A guest post by Michael E. Nielsen
When the Mormon Tabernacle Choir announced that it would participate in the inauguration ceremony of Donald Trump, some Mormons were eager to see their choir sing at the ceremony, while others reacted in horror.
Although LDS Church spokesperson Eric Hawkins indicated that the church did this to support “freedom, civility and the peaceful transition of power,” at least one member of the choir publicly announced she would no longer sing with the group. She saw the participation as a moral issue, and endorsement of Trump. She is not alone, as tens of thousands Mormons signed a petition that urged the choir to stay home. Of course, it did sing, and the issue is in the past.
Still, do you wonder, like me, at how people reach such different understandings? Reactions to the choir’s performance are informative. It is more than simply a question of politics, and sore losers. People in good faith sometimes reach very different decisions.
Research shows that in making moral judgments, people use six different frameworks to guide their judgments (Jonathan Haidt, The Righteous Mind):
- Harm & suffering
- Fairness & justice
Haidt describes these as forming the basis for people’s judgments about moral issues but points out that people differ in how they balance these six aspects.
All in good faith, this leads us to very different decisions regarding moral issues. This is one important part of what’s happening in people’s reactions to the choir’s singing at the inauguration.
Another factor is group membership. People who are within the group (US Mormons) and who rely on the moral dimensions of loyalty and authority, see things consistently with the way that their church does. The choir’s participation supports groups they are part of, and upholds cherished moral values.
More common are LDS Church members who emphasize justice and fairness. From this perspective, the choir is participating in the inauguration of this president just as it has done when it was invited by other presidents. It is not a question of loyalty to political party or to church affiliation, but a matter of supporting the electoral process, just as Hawkins describes.
But not everyone sees it this way. People who are not members of the group (U.S. residents who are not LDS) and who draw on other dimensions of morality, reach a different conclusion. To them, the conflict between religion’s professed values against harm and suffering collide against Trump’s statements regarding women, racial minorities, and certain religious groups. Given Mormons’ reputation for voting Republican, it is easy for people to conclude that the choir’s participation represents something of an endorsement.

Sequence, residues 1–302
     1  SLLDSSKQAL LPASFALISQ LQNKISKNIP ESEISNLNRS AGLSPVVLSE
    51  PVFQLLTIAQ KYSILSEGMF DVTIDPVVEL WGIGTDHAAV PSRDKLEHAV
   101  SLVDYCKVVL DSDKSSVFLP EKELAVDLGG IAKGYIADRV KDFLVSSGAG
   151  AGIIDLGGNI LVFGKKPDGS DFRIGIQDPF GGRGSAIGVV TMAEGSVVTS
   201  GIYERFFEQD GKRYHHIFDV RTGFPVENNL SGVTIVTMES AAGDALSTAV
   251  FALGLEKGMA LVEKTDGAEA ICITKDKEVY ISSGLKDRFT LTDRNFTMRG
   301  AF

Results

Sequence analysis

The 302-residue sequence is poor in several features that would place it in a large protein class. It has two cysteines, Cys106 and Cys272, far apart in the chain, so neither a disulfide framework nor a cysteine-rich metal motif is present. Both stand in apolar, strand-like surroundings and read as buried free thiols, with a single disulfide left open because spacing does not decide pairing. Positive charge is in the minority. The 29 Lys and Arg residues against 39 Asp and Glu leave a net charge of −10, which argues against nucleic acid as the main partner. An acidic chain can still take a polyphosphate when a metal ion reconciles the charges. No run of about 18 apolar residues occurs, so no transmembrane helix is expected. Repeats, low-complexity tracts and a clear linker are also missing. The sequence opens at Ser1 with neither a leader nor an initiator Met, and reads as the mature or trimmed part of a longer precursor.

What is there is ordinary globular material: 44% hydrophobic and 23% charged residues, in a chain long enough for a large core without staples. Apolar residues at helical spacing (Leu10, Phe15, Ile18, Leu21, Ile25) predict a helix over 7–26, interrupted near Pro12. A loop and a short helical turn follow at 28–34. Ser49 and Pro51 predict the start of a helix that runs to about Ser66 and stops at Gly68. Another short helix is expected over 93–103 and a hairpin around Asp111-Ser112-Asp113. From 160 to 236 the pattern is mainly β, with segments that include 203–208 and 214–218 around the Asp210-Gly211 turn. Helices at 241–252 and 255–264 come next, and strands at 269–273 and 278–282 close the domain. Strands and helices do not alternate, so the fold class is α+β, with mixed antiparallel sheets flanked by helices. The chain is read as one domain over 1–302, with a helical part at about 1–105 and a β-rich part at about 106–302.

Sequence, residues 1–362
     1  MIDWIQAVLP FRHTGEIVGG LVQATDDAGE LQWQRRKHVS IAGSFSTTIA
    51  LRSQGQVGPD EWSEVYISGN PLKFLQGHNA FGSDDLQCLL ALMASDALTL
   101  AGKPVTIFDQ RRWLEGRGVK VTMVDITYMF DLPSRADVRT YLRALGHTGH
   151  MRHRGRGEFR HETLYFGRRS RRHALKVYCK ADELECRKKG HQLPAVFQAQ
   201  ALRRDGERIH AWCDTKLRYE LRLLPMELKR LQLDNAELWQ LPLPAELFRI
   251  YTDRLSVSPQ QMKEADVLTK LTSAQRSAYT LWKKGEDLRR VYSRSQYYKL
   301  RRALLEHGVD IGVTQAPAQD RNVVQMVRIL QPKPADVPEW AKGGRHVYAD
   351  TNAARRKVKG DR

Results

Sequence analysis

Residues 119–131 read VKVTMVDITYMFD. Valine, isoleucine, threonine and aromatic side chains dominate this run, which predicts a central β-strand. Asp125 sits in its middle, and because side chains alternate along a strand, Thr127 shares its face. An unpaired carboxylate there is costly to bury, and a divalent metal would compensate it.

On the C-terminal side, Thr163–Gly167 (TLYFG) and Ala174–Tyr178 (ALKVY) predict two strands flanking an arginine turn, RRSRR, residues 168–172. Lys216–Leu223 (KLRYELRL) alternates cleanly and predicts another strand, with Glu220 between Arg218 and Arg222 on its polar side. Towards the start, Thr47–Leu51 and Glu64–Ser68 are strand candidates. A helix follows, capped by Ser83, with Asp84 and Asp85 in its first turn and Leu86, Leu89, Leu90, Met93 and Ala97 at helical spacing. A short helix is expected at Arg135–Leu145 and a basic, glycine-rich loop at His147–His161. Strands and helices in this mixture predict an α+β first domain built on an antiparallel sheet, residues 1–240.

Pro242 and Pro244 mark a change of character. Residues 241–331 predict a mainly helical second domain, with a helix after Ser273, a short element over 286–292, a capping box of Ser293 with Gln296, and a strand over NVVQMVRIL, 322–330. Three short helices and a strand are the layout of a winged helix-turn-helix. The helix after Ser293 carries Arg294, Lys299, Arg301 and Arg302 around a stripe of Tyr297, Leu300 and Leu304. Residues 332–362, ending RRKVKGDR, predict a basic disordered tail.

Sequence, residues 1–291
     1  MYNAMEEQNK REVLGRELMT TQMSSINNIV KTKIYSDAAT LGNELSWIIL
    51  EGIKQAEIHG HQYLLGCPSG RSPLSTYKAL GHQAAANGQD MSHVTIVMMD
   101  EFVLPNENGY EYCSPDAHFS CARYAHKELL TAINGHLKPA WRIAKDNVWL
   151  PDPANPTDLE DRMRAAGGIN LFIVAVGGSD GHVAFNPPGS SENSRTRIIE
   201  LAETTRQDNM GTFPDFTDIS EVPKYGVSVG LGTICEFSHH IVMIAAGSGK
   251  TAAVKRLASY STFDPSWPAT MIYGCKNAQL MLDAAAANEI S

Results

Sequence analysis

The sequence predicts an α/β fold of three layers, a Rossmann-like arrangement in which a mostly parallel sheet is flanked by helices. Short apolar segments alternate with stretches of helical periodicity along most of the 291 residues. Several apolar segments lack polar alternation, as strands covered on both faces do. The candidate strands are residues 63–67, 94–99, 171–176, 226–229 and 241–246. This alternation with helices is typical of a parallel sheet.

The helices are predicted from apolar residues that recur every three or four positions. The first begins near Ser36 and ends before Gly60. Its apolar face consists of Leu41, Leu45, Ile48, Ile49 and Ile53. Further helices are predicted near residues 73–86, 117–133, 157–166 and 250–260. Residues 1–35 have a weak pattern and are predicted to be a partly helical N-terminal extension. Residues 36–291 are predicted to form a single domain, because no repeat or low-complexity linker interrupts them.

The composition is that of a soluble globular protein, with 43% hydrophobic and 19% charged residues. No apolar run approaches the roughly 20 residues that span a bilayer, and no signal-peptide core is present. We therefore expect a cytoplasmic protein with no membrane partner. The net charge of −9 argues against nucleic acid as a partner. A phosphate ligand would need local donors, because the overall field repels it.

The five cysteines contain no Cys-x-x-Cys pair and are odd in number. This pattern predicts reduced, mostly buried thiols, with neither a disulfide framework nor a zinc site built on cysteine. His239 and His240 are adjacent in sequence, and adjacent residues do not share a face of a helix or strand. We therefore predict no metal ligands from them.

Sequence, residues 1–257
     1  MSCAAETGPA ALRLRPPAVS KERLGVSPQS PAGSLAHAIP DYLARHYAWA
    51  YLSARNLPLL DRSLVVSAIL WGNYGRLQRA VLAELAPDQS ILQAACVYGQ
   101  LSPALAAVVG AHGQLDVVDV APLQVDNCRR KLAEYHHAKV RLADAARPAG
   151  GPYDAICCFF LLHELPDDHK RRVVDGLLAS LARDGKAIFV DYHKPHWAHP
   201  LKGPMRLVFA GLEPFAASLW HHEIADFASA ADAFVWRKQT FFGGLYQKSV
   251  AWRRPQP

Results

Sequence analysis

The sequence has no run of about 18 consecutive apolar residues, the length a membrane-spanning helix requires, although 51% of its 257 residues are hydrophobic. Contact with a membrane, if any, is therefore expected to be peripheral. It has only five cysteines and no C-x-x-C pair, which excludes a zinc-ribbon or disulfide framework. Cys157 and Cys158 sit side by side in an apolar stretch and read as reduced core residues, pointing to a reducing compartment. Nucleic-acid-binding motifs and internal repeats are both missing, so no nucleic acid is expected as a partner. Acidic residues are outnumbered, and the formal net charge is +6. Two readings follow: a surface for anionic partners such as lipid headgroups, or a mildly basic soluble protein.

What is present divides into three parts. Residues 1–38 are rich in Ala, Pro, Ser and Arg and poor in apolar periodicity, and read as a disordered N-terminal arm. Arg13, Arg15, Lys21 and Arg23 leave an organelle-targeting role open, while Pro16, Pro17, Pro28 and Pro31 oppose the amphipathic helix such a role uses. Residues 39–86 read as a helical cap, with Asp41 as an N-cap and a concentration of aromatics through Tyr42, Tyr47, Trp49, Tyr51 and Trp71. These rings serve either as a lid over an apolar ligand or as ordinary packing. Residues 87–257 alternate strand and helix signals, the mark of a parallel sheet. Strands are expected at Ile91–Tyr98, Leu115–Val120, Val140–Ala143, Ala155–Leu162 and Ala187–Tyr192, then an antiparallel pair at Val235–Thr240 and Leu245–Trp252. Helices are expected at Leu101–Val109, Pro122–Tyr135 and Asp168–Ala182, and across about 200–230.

There are other groups, of course. U.S. Mormons whose morality relies more heavily on issues of harm and suffering are left feeling at odds with their church on this matter. From their perspective, the values they uphold most strongly are fundamentally inconsistent with Trump’s rhetoric. The sensible, but regrettable, conclusion for them is that the choir’s participation is motivated by something other than morality.
That’s also true for many Mormons outside the U.S. The online posts I’ve read from such people are mixed, but the great majority suggest that if the church is a worldwide church, participating in a US government function makes it seem more parochial than international. Instead, they are more likely to perceive it as either inconsistent with church ideals, or with the morality that they espouse as individuals.
From these perspectives we reach very different outcomes in terms of whether the choir’s participation was a missionary opportunity, an endorsement, or an act in conflict with LDS morality. People in the LDS Church whose moral frameworks rely on justice and fairness, or on loyalty and authority, are more likely to conclude that the choir’s performance supports the office of the president, and that it is a missionary opportunity. Those who don’t see it so favorably include Non-Mormons, Mormons who live in other countries, and Mormons who emphasize harm and suffering over other moral frameworks.
People in good faith reach different conclusions about the morality of one another because humans are not clones and morality is multifaceted, not monolithic. We come to questions of right and wrong with different understandings.
What to do about it? Seek out someone you know and talk to them, face-to-face, listening to what they are saying and trying to understand their perspective. Listen to their hopes and fears. Describe yours, too. Deliberately and carefully extend your conversations outside of your echo chambers, and increase your understanding of other people. Break away from your internet bubble. Opening hearts and minds is hard work, but these in-person conversations are worth it.
Mike Nielsen is a social psychologist who has served as president of the the Mormon Social Science Association and the Society for the Psychology of Religion and Spirituality.